Origin and History

The sect of Pharisees is thought to have originated in the 3rd century B.C., in days preceding the Maccabean wars, when under Greek domination and the Greek effort to Hellenize the Jews, there was a strong tendency among the Jews to accept Greek culture with its pagan religious customs. The rise of the Pharisees was a reaction and protest against this tendency among their fellow kinsmen. Their aim was to preserve their national integrity and strict conformity to Mosaic law. They later developed into self-righteous and hypocritical formalists. Later they were among those who had condemned Jesus to death.

How fearfully the prophecy of destruction that Jesus had foretold was fulfilled! In a few brief years the Roman legions of the Emperor Titus utterly destroyed the city and its glorious Temple. Over a million Jews perished in the siege in a few days, and a hundred thousand more were taken away in captivity.

Without its marvelous Temple, the Jewish religion was forced to take on a new character, and after the final Jewish rebellion (132 A.D.) all hope of rebuilding the Temple was lost, and the work of these rabbis took a different direction.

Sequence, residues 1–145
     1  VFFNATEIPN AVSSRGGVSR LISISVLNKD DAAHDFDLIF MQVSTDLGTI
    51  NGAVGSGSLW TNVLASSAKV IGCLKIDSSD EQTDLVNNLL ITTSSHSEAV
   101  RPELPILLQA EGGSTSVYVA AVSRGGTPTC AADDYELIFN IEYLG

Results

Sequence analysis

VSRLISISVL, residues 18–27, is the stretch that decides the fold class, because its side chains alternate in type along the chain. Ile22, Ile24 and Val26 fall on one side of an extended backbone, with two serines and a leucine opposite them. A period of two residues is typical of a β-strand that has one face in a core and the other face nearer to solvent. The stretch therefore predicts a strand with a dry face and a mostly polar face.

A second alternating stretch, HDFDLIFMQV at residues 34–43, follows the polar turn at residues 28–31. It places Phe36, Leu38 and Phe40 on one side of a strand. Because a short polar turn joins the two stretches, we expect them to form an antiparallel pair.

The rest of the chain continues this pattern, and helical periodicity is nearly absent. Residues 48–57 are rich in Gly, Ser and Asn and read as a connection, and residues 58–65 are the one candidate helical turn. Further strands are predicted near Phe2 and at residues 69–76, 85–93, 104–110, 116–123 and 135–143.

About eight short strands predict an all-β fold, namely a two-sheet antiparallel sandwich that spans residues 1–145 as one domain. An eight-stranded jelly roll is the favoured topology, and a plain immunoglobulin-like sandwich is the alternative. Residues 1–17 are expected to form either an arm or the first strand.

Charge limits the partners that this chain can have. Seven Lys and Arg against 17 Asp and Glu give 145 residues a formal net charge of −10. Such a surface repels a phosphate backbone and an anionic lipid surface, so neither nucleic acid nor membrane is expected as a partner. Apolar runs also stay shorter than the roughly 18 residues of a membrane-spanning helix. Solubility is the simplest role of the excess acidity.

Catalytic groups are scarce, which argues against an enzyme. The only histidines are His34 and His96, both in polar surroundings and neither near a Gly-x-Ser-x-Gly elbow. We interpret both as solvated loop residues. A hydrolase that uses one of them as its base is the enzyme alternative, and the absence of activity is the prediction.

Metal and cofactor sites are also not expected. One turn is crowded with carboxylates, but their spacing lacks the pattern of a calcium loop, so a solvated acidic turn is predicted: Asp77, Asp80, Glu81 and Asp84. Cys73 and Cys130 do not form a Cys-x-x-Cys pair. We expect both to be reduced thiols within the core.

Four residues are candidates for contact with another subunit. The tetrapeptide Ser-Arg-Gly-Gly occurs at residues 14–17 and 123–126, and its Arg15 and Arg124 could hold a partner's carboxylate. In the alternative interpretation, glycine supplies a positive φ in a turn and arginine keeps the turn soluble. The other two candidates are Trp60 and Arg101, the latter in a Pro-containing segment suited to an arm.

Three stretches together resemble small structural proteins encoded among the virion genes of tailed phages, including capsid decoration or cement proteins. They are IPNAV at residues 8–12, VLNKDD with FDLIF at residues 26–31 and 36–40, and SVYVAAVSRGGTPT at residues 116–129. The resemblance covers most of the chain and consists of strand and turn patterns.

The Mishnah, compiled by the Patriarch Judah (200 A.D.), which is the final work of these rabbis, began a final work in the history of Jewish scholarship. It is a monument of Pharisaic scholarship and a testimony to the final triumph of Pharisaism, which now is compiled into the Talmud which has become synonymous with Judaism.

Jesus and the Pharisees


The Pharisees were the most numerous and influential of the religious sects of Jesus’ day. The were strict legalists. They stood for the rigid observance of the letter and forms of the Law, and also for the Traditions. There were some good men among them, no doubt, but for the most part they were known for their covetousness, self-righteousness and hypocrisy.